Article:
What do you think of the pricing?
I think the price is definitely on the high end of expectations and surely not "ideal". For instance, the Switch is 330 Euros in Germany: this isn't what I would call a competitive price, especially given how inexpensive PS4 and Xbox One have become now. In addition, the prices for the accessories and games (Zelda is 60 pounds in the UK) are pretty bold. -Serkan Toto, Kantan Games Inc.
$300 makes sense to me given the hardware and the state of TV-based competition. Wii U had 2 sku's with a substantive difference between them, and so I think Nintendo wanted Switch to be a straightforward and affordable system out of the gate. -Lewis Ward, research director for gaming at IDC
Pricing on the Switch is a little high given no game included. But I still think it is a good value overall. Hopefully come fall, they will add some games in the bundle. - David Cole, DFC Intelligence
The current pricing is on the high range of the acceptable point for what the console offers. It is not pushing itself to the point where the price will ruin the console's chances, and I suspect that the limited number of launch titles will mean that it initially targets early adopters anyway, a demographic that has a higher tolerance for higher prices. To be fair, more than the price being too high in itself, I find the content of the core bundle lacking. If it had 1-2 Switch included for instance, the offer would be much more compelling. - Thomas Bidaux, Ico Partners
At $299.99 and £279 in the UK including VAT, the pricing of the Switch is as predicted. This is not an impulse purchase or as cheap as other recent Nintendo consoles and at this price point Nintendo will be competing with existing consoles and tablets. As a result, communicating the unique aspects of the Switch – particularly the capabilities of the Joy-Con controllers - and its exclusive content through marketing spend will be key to gaining market traction. Unlike the Wii, this is not a product that will necessarily sell itself through word of mouth as its proposition is still relatively complex. _ Piers Harding-Rolls, IHS Technology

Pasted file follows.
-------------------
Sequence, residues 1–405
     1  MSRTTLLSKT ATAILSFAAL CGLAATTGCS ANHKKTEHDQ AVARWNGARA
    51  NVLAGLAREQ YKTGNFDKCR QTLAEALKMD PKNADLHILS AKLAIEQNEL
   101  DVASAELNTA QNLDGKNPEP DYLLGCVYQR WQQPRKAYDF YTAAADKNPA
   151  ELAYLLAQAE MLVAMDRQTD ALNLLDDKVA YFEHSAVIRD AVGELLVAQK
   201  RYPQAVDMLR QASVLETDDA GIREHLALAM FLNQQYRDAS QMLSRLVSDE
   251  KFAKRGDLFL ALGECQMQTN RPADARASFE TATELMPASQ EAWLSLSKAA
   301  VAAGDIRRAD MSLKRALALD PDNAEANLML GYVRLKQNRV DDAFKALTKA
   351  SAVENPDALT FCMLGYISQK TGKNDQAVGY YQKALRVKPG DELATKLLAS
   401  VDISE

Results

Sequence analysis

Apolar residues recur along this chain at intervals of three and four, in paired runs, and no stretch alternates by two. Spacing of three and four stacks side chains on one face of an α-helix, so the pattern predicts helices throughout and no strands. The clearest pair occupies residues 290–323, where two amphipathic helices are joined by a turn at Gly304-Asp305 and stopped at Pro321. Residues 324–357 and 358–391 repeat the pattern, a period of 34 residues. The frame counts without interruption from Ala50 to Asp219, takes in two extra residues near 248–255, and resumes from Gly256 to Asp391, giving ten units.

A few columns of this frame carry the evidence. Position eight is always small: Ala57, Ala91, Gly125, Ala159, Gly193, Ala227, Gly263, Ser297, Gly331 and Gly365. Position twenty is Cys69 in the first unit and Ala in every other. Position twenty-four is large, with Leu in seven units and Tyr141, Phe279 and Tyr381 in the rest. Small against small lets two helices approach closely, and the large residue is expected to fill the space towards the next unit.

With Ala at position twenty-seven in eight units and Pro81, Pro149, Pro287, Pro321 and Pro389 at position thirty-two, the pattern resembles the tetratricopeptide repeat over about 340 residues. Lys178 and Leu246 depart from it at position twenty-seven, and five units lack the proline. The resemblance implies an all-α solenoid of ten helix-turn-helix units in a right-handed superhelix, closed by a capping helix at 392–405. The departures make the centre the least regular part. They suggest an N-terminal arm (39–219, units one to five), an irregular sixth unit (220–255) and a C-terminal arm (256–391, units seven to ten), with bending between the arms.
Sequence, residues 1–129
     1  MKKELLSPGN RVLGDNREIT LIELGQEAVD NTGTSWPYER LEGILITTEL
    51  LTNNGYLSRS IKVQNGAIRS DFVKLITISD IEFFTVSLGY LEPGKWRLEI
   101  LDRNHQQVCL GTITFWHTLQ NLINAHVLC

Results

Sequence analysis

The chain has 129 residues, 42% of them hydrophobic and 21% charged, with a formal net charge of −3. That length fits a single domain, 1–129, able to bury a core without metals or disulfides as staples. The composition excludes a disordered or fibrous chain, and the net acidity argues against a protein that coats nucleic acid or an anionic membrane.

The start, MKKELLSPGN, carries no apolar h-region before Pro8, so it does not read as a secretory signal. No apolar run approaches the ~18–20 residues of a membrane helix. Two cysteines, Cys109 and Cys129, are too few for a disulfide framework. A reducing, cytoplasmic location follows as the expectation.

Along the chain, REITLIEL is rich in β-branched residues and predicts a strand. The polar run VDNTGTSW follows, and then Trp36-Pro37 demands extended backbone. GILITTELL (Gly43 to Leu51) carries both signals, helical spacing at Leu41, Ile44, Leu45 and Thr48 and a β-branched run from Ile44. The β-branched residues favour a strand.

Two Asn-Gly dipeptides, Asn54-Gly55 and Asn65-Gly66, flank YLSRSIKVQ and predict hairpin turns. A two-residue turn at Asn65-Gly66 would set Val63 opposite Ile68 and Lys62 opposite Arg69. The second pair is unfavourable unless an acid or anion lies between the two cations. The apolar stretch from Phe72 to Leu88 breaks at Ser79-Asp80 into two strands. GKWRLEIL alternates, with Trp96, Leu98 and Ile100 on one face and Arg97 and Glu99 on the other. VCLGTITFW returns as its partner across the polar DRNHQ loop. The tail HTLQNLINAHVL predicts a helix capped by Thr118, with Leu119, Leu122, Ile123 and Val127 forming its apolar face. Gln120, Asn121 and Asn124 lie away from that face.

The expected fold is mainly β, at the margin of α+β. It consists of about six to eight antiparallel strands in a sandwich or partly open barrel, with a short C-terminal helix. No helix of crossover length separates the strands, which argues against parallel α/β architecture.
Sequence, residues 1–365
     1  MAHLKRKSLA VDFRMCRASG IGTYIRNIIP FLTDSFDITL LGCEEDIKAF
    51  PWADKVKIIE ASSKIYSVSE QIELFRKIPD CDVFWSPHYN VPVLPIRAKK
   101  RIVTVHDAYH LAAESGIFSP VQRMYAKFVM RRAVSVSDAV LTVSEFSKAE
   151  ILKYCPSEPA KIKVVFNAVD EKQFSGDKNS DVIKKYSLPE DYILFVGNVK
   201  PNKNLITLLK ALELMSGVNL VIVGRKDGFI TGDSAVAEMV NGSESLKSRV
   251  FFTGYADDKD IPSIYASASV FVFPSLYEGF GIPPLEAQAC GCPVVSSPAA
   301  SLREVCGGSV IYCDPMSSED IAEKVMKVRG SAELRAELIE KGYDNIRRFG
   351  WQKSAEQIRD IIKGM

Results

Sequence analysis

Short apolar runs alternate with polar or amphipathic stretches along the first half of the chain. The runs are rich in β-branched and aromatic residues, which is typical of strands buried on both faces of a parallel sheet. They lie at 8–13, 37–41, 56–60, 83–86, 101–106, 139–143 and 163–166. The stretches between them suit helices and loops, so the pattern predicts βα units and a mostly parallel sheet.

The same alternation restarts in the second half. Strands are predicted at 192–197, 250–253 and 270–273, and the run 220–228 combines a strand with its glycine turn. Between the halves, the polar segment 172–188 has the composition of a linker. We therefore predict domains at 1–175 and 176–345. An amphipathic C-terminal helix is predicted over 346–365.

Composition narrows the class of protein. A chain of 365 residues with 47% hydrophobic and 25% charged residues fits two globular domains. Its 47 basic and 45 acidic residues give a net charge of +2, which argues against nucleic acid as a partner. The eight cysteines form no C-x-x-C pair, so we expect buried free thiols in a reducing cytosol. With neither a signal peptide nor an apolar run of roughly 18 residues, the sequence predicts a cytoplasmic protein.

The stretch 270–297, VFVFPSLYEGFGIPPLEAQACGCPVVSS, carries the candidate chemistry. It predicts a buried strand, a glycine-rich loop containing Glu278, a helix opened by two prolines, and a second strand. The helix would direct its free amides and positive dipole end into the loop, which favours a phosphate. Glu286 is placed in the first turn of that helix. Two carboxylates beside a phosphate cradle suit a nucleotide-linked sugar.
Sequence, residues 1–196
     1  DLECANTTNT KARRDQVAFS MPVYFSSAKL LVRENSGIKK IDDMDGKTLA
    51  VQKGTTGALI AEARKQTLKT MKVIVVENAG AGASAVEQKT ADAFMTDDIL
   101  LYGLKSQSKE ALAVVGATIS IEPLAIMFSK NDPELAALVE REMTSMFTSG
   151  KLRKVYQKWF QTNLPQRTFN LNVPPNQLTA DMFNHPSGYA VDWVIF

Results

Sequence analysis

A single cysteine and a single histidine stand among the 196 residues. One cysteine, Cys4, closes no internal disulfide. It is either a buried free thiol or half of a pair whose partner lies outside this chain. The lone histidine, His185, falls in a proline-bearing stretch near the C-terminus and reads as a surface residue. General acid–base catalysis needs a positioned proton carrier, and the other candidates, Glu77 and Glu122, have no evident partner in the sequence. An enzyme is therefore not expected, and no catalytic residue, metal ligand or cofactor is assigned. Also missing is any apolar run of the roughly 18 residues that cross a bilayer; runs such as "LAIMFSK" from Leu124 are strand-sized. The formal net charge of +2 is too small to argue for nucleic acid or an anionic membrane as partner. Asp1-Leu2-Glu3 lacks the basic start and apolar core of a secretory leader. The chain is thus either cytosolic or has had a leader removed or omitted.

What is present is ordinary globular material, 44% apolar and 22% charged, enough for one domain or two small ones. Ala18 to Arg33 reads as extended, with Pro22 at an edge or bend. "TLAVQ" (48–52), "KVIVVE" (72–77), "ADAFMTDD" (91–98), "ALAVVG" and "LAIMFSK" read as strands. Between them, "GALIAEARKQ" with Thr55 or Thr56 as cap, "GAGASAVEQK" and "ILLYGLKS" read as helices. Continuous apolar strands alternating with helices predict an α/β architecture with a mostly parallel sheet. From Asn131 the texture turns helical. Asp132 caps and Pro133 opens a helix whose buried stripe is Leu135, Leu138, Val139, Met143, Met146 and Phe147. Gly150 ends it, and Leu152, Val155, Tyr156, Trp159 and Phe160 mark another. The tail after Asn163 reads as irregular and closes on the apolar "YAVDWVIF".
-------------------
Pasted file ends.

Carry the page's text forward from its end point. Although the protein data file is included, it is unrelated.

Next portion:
What do you think about the device itself, now that we know more about specs and controllers?
I personally like the concept and the fact that we don't get another boxy home console. Personally, I don't care that much about the specs, we already have 2 high-spec'd machines from Sony and Microsoft, plus we can upgrade our PCs as we want. That's enough. The Joycon controllers in particular are cool. It's great to see Nintendo innovating on the user interface front. My question is whether this is all enough to really capture enough buyers who are not already die-hard Nintendo fans. Good for Nintendo: they have Zelda at launch, and that title looks like a text-book system seller. - Serkan Toto
I think overall the device has a lot of potential to fulfill with a very large audience that wants more than what tablets can provide, but don't need the complexity of PS4/Xbox one games. - David Cole
Well, we know more about general system performance and the Joy-Con twist on UI, but many key questions remain unanswered. I don't know how much storage is on board or if we'll be able to use plug-and-play external storage over USB if we download a lot of content. But the system seems to be on par with, or at least close to, PS4 or Xbox One from a hardware performance angle at least. I think the Joy-Con controls will make it a great family and local co-op gaming platform, and one that will have some of that distinctive Nintendo magic. - Lewis Ward
Now that the details of the controllers have been revealed, I have to say I find them very attractive. They certainly pack a lot of features and open up a lot of interesting gameplay experiences for Nintendo and anyhow brave enough to consider an exclusive game for the Switch. They show that Nintendo has learned a lot of the right lessons from the Wii and the WiiU and it seems to me that is a significant innovation and improvement. I am looking forward getting my hands on them. The specs of the machine are not very impressive, but that's not what anyone was expecting from Nintendo. I also don't understand the reasoning behind having the screen being touch-sensitive. It goes against having a single control scheme for the games for all the "modes" the console offers. It might be Nintendo over-engineering here. And where I think over-engineering the controllers is exciting, I am confused by that multi touch screen. - Thomas Bidaux